The campus of Loyola Marymount University (LMU) in Westchester, decorated for a special day with colorful balloons and lively music, was the backdrop for an afternoon of spirited games and friendship for special-needs athletes and a large crowd Saturday, April 26th.

More than 1,000 athletes participated in the 31st Special Games, which culminated in the last of the Olympic-style games and a closing ceremony on “Big Day,” the last of three Saturday activities in April for physically- and mentally-challenged individuals.

The theme of this year’s Games was “We Go Together.”

Michael Giordano, a senior at LMU, was one of the volunteer team leaders who worked long hours to help make the event possible. He was inspired two years ago when he heard about the event through the Crimson Circle, a student community service group on campus.

“Every year, [the Games] have a different flavor because there are different organizers making everything happen, but it has largely the same undercurrent of volunteer service and fun for the athletes,” said Giordano, a history major. “The athletes really get a kick out of Big Day and so do we.”

The athletes were each paired with a student/coach who assisted them throughout the games, providing encouragement, water and coaching.

A parade of students and the participants kicked off the games before the festivities of Big Day. An Olympic-style torch was carried by two of the athletes, reminiscent of the Summer Olympic Games.

Prior to the start of Big Day, Los Angeles City Councilman Bill Rosendahl, whose district includes Westchester, addressed the students and athletes, as did Father Michael Engh, dean of the LMU Bellarman School of Liberal Arts.

Engh, like Giordano, said that the commitment to being involved with efforts like the special games was a part of the university’s larger mission of community involvement and social interaction with diverse groups of people.

“This is nothing new,” said the dean, as music blared in the background. “This is part of out tradition here, and we try to be a part of the community and contribute to the community for many, many years.”

A number of local schools, including the John Adams Middle School National Juniors Honors Society, volunteered their time to be a part of the activities.

Vera Kwan, director of the Special Games, gave credit to the student committee that assisted her in structuring the activities. The event is run exclusively by LMU students, with the university taking care of certain financial commitments.

“Each group of students brings their own special talent, and because of their creativity, it takes a slightly different tone and development,” Engh explained.

Each committee member was assigned a specific role, such as recruiting the athletes, the coaches and team leaders.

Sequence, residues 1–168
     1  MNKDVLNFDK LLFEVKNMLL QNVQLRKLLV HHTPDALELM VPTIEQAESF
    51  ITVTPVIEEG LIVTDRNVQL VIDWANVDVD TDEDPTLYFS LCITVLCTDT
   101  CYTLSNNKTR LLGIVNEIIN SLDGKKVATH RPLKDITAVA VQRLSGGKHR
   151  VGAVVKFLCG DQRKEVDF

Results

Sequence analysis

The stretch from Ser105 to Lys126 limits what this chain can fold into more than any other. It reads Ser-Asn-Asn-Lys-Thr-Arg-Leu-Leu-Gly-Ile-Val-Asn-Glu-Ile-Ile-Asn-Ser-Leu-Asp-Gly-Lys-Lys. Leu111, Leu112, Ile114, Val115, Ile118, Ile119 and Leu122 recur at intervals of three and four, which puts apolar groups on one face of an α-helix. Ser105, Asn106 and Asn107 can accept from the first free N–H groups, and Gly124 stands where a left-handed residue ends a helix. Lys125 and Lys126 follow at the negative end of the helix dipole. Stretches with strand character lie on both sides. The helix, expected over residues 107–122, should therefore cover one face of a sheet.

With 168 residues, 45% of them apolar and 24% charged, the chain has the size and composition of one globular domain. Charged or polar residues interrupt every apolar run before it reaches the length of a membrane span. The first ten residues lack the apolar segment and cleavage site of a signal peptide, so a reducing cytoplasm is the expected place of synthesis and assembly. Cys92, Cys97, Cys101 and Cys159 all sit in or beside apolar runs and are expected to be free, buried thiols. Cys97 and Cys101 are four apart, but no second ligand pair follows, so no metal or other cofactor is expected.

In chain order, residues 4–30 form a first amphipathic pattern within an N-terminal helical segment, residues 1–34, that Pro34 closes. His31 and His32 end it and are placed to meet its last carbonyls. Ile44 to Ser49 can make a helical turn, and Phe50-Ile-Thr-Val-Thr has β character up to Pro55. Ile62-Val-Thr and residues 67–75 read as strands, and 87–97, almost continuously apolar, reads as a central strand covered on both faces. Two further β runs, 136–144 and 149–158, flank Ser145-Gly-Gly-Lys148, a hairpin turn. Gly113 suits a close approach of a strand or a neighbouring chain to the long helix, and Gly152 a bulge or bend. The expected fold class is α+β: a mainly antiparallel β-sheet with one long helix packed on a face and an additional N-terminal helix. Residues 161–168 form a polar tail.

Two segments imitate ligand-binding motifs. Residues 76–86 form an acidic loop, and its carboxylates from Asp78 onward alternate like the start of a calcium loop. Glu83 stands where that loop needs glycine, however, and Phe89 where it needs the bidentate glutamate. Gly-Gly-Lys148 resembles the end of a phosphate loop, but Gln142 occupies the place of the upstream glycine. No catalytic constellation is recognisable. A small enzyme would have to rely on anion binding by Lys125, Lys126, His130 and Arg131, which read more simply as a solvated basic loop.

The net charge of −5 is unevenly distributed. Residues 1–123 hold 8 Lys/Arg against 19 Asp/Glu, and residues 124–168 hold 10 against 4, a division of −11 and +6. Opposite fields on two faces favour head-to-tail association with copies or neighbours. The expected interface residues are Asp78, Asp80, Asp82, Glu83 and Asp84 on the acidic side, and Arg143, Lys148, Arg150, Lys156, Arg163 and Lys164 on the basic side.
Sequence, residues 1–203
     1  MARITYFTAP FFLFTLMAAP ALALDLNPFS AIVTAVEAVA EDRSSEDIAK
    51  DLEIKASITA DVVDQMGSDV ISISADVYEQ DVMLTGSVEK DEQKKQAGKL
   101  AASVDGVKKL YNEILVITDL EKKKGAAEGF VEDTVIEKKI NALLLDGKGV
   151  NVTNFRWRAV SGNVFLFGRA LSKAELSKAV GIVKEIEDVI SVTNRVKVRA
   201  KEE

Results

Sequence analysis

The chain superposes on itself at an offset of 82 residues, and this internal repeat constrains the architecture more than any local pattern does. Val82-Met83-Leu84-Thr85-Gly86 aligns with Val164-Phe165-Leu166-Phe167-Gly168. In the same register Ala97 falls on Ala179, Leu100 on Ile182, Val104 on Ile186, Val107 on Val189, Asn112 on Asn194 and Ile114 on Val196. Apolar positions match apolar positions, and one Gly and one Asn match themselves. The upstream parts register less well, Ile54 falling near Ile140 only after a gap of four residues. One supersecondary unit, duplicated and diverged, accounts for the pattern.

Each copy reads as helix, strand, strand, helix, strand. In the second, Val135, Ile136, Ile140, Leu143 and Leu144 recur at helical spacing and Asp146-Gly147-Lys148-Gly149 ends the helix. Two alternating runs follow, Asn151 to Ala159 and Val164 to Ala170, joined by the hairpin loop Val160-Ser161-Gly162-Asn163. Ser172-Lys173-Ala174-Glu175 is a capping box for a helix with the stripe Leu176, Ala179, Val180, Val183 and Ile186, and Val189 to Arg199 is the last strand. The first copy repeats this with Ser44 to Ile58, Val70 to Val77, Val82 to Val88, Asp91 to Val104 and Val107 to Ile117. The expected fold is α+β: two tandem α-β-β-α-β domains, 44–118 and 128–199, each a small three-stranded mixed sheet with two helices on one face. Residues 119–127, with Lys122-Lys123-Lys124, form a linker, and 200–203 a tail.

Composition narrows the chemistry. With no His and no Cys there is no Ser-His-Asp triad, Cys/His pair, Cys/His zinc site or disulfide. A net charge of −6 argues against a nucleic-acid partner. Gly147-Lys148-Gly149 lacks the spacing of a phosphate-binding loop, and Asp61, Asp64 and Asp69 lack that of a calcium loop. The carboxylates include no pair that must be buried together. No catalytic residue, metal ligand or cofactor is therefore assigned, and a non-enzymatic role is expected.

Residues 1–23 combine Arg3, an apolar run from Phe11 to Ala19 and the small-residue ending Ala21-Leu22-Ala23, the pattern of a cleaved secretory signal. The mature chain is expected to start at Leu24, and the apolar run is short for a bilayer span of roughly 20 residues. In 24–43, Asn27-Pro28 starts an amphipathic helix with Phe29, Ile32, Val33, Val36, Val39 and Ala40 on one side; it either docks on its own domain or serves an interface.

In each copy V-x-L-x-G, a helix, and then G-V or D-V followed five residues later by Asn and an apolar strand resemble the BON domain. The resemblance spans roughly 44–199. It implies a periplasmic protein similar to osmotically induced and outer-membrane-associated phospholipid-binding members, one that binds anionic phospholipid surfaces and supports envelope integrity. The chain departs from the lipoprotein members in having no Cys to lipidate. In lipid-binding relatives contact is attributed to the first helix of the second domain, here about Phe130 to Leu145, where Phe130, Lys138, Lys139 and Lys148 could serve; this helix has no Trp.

“My job was scheduling, getting the guest speakers, talking to vendors and helping other committee members in any way that I can,” Kwan said.

Kwan, a senior at LMU who is majoring in business administration, began planning for this year’s Special Games with her committee last fall. Last year, she was in charge of recruiting the athletes and this year moved up to coordinating the entire event.

“It was pretty much what I expected,” she replied when asked if she had anticipated the kind of workload that the director of the Games would have. “I think that I actually went overboard in some cases.”

Christine Nangle, an LMU alumna who works in the university’s communications department, said that participating in “Big Day” brought back memories of her time as a student, when she first volunteered to serve as a mentor for a special needs athlete during the Special Games.

“It’s a really neat activity where it brings the community together,” said Nangle. “It’s a great way for students to interact with people who are mentally and physically challenged and deepens the relationship between them and to have an enjoyable time at the same time.”

The athletes participated in events such as the milk bottle toss, volleyball, bingo, basketball, T-ball, soccer, and the football toss. This year, unlike past years, there was a petting zoo, along with various arts and crafts.

Donna Davis was one of the special-needs athletes who carried the torch at the beginning of “Big Day.” She said the “Memory Game” was one of her favorite activities, and she enjoyed making new friends at the event.

“I found two new friends here, and plus, you get to dance,” said Davis, who was accompanied by Ethan Smith, a freshman who is majoring in engineering.

“I love Donna. She’s a lot of fun,” he said as they exchanged hugs. “She’s a good athlete and a good dancer.”

Davis plans on coming back next year.

“I love to participate in the Special Games, and I want Ethan to be my coach,” she said.

Nangle and Kwan reiterated that the Special Games mean almost as much to those who volunteer as those who take part in them, and the development of community spirit is a big part of the university’s mission.

“Social justice and community is a big part of what LMU is all about,” said Kwan. “We have a system here where we grow a whole person. It’s not just about learning at school; it’s also about learning that we have a responsibility to society to help out as much as we can.”

“One of LMU’s mission statements is the service of faith and the promotion of justice and the development of the whole people,” Nangle added. “This kind of activity shows that LMU is committed and its students are committed to helping with social justice and learning from that.”

The university plans to host the Special Games again next year.

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